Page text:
A Bumper Crop of Basil



I normally have a hard time growing healthy, lush basil but this year I've had more than my fair share of success. The stuff is literally growing overnight and reaching out to grab me by the leg as I walk by on the patio.  I've already harvested twice and made two batches of basil pesto for the freezer so I really didn't want anymore of that, so that left me wondering what to do with the bounty from my third harvest.  I decided to dry this round so I'd have it to use long after my plants have died down. 

It's best to harvest your herbs during the early or mid-morning hours before the hot sun starts beating down on them.  Wash them and dry them off really, really well (especially if you plan to hang them to dry because you don't want to risk having the leaves mold from the moisture).    If you do plan to hang them to dry, that process is pretty simple but it takes a bit of time.  Just gather your stems in bunches, tie them with kitchen twine and hang them in a cool, dark and dry place to dry.  I really didn't want basil hanging in my closet because I can barely get all of my clothes in there as it is, so I decided to use the oven to dry mine.


Turn your oven on the lowest temperature setting - mine is 200 degrees and that worked just fine.  Line a baking pan with either aluminum foil or parchment paper as the leaves have a tendency to stick to your pan.  The leaves will begin to shrink in size as they dry, so go ahead and put a big pile on your pan but spread them as best you can into a single layer.  I dried about three batches and the leaves took anywhere from 15-20 minutes to dry and even then some of the batch wasn't completely dry.  So as they cooled, I crumbled the leaves and poured it all back onto the parchment paper and let it continue to dry with the residual heat after I turned off the oven.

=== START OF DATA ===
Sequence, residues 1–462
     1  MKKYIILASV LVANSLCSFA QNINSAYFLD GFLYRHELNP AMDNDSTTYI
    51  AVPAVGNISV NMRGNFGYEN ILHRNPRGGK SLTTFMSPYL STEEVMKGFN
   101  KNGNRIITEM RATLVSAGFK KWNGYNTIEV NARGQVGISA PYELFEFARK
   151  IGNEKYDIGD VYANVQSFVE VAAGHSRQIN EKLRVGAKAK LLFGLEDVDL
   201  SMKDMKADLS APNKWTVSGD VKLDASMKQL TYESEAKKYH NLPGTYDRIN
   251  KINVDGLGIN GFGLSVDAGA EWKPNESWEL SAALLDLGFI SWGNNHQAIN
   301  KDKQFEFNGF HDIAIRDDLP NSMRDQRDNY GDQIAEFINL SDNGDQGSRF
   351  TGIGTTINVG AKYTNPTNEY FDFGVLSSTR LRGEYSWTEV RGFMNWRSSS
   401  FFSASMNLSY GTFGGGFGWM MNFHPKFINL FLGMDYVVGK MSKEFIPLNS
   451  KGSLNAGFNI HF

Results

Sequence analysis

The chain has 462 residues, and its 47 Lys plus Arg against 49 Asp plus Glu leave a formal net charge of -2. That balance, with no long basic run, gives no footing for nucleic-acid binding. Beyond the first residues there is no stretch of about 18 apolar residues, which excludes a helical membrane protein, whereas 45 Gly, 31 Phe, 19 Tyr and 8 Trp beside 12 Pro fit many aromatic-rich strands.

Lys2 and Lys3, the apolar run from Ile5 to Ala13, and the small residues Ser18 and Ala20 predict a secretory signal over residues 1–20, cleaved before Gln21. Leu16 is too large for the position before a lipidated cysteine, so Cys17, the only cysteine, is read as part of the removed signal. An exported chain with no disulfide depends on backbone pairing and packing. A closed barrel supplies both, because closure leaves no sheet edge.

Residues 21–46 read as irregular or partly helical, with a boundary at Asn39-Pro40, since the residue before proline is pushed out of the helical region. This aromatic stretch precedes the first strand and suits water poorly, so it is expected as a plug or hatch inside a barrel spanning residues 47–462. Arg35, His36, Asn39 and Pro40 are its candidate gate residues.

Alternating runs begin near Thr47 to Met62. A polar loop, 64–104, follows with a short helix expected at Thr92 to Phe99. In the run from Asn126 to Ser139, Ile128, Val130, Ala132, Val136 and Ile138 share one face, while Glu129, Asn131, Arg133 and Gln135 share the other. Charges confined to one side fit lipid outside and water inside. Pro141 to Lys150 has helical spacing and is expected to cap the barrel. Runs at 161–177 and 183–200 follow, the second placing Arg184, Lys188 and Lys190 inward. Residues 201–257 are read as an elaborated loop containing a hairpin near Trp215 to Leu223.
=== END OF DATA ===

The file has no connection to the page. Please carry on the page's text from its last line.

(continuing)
Three large batches of fresh leaves yielded about 3/4 cup of dried leaves.  Keep the basil sealed in a freezer bag or jar and use it to season anything from vegetables to sauces to soups.  I even added a few generous pinches to my bread machine pizza dough earlier in the week.  I've included the recipe that I use in my Oster Expressbake breadmaker - I know pizza dough is simple to make with your own two hands, but I'd rather spend five minutes throwing the ingredients in the machine and let it do all the work while I'm busy doing something else, like drying basil.  I'm a huge multi-tasker like that. 




Pizza Dough for Bread Machine
Makes 1.5 lb.

1/2 tsp. salt
3 cups all-purpose flour (sometimes I use half all-purp and half whole wheat)
1-1/2 tsp. active dry yeast
1 cup water
2 Tbls. olive oil or vegetable oil

If you'd like to add your favorite dried herbs to the bread pan along with the other dry ingredients, feel free to do so.  I used about a tablespoon of dried basil.  Or if you prefer, you could sprinkle it on the pizza sauce before you add your toppings. 

Combine all ingredients into bread pan. 

Select Dough setting and let it do its thing.  Mine takes about 1-1/2 hours.  When it's finished, pat dough out into 12x15 jelly roll pan or greased 12" round pizza pan.

Preheat oven to 400 degrees.

Top dough with pizza sauce and your favorite toppings.

Bake 15-20 minutes or until crust is golden brown. 


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